• Pleasure takes on a different form in FTD. It becomes more basic. Those things previously enjoyed are erased.
  • Food often becomes a source of obsession. Sometimes the person will only eat one or two specific items for a while. Sweet things are always welcome however!
  • In earlier stages, things like jigsaw puzzles or games meant for pre-teens can capture their attention for a while.
  • People with FTD often enjoy physical activities like dancing, kicking a ball around or walking.
  • Lack of emotional insight can inhibit the ability to experience pleasure.
  • Aphasia or just the inability to express thoughts can lead one to thinking they don’t like anything.
  • Just keep trying different things to eat, drink, do.
  • There’s nothing to say YOU can’t still try to have fun.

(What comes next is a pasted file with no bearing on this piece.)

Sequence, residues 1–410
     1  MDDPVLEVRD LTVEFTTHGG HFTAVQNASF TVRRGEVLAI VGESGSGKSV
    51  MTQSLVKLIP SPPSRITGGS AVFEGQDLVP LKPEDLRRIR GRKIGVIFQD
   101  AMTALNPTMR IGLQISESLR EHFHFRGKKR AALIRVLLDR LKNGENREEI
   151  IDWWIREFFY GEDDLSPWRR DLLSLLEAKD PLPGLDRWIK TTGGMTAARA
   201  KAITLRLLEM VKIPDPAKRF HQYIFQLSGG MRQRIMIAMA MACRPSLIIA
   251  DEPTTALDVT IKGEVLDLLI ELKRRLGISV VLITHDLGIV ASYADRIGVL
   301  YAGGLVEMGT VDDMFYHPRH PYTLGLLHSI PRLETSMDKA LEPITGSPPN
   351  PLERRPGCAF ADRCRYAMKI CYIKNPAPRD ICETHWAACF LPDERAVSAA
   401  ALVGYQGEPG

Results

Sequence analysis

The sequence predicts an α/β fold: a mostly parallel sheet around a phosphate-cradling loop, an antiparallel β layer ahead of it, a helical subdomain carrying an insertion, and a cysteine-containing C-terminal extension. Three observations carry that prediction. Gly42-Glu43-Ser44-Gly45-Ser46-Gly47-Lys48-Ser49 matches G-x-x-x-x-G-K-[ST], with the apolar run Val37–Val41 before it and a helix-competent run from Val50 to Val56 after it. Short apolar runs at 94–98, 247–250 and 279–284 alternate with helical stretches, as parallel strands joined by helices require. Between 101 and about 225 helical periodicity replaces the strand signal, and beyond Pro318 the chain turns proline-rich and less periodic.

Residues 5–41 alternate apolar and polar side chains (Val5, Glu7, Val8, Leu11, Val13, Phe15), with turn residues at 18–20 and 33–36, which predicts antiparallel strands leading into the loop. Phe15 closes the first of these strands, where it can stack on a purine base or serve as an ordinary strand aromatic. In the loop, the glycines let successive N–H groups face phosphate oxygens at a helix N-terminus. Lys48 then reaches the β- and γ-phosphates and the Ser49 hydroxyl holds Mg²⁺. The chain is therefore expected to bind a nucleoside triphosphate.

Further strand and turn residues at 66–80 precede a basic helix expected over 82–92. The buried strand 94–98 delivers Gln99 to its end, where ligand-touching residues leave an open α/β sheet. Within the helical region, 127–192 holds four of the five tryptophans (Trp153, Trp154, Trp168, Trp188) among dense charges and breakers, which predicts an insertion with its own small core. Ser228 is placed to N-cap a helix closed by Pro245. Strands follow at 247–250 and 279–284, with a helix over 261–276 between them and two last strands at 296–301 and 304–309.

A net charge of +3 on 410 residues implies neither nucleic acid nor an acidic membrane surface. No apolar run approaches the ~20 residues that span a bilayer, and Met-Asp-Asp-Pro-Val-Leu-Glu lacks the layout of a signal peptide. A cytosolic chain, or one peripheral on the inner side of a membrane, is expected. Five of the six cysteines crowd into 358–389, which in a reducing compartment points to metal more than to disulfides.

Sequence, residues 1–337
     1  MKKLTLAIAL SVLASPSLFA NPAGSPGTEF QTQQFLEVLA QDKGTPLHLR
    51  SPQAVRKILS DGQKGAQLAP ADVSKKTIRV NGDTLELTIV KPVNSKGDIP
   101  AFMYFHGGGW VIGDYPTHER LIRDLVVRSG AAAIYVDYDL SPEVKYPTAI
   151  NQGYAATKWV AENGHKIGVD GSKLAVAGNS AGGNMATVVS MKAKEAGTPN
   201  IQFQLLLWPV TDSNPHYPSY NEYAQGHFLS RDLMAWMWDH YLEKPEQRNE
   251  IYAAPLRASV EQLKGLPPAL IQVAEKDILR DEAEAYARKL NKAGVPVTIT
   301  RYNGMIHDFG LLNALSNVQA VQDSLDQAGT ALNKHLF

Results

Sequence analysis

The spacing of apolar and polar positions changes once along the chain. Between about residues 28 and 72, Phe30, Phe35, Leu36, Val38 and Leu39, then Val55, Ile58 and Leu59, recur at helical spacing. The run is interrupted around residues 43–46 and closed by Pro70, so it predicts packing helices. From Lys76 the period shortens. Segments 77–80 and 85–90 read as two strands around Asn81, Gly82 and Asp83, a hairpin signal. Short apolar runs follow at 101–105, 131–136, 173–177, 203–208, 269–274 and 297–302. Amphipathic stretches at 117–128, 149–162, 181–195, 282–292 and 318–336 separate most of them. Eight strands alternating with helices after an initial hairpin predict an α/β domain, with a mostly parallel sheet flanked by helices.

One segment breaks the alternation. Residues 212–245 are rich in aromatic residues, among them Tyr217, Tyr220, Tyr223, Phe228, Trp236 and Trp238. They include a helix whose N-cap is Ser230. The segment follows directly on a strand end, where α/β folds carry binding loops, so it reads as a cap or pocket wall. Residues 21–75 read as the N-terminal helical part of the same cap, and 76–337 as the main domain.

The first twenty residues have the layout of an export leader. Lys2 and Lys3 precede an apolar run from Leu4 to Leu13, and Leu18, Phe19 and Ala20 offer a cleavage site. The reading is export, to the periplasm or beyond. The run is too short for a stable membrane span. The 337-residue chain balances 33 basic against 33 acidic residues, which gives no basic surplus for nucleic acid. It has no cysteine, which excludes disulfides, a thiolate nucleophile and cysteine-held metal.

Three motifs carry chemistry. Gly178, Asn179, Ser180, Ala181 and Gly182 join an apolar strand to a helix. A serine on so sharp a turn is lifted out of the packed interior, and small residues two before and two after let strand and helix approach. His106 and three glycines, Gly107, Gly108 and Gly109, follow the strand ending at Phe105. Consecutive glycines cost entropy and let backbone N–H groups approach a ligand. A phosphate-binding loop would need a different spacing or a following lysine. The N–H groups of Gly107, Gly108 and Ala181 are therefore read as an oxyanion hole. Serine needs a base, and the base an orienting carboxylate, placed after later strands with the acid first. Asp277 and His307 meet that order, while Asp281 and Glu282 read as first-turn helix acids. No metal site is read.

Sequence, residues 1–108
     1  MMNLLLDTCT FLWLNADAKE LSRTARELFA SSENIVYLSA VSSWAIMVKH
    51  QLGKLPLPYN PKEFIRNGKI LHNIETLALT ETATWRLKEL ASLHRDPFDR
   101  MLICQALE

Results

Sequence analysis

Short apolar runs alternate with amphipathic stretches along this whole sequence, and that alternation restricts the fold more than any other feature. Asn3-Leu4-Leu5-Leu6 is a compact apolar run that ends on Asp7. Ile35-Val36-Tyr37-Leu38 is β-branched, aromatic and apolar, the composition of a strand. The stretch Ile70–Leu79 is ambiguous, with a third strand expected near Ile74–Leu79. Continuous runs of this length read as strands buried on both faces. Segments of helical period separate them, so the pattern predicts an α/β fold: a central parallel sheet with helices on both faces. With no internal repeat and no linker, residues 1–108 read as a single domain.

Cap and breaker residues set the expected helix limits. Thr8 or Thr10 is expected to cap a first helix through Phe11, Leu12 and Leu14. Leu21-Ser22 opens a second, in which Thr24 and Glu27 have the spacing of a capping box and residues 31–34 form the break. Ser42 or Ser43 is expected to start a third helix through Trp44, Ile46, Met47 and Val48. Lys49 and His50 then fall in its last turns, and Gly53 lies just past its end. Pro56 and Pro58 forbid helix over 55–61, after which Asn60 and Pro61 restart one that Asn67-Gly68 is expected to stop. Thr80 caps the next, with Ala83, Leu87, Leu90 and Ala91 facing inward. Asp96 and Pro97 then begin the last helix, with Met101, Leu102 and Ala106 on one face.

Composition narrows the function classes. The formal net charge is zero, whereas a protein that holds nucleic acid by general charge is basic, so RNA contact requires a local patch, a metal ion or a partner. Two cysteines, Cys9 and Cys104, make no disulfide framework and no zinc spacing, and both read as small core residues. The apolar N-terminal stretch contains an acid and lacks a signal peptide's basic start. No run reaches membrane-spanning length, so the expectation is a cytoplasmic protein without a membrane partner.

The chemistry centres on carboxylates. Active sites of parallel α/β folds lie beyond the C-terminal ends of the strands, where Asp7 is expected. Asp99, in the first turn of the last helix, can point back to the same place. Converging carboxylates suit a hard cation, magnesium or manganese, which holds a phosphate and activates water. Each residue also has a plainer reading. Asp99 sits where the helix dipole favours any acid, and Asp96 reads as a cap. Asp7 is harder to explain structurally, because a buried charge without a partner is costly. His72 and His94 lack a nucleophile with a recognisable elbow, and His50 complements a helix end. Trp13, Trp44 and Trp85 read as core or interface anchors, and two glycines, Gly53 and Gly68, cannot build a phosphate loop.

Anyway, my blog topic  today was meant to be about fun. Nothing funny about FTD of course. There are moments of humor, but not really fun per se. As the responsible party of the group, you always have to be on the lookout for inappropriate behavior and frustration. It’s never-ending. You never get a break, even when you’re doing something fun, like a vacation or Christmas. Because your FTD’er is never on a break.

The bastard disease doesn’t take a break.

Hotel Del

So here I am at this beautiful hotel in California. Celebrating my birthday with some of my favorite people in the whole world. There are more favorites missing, but we’re still here to have fun. Fun means something completely different nowadays.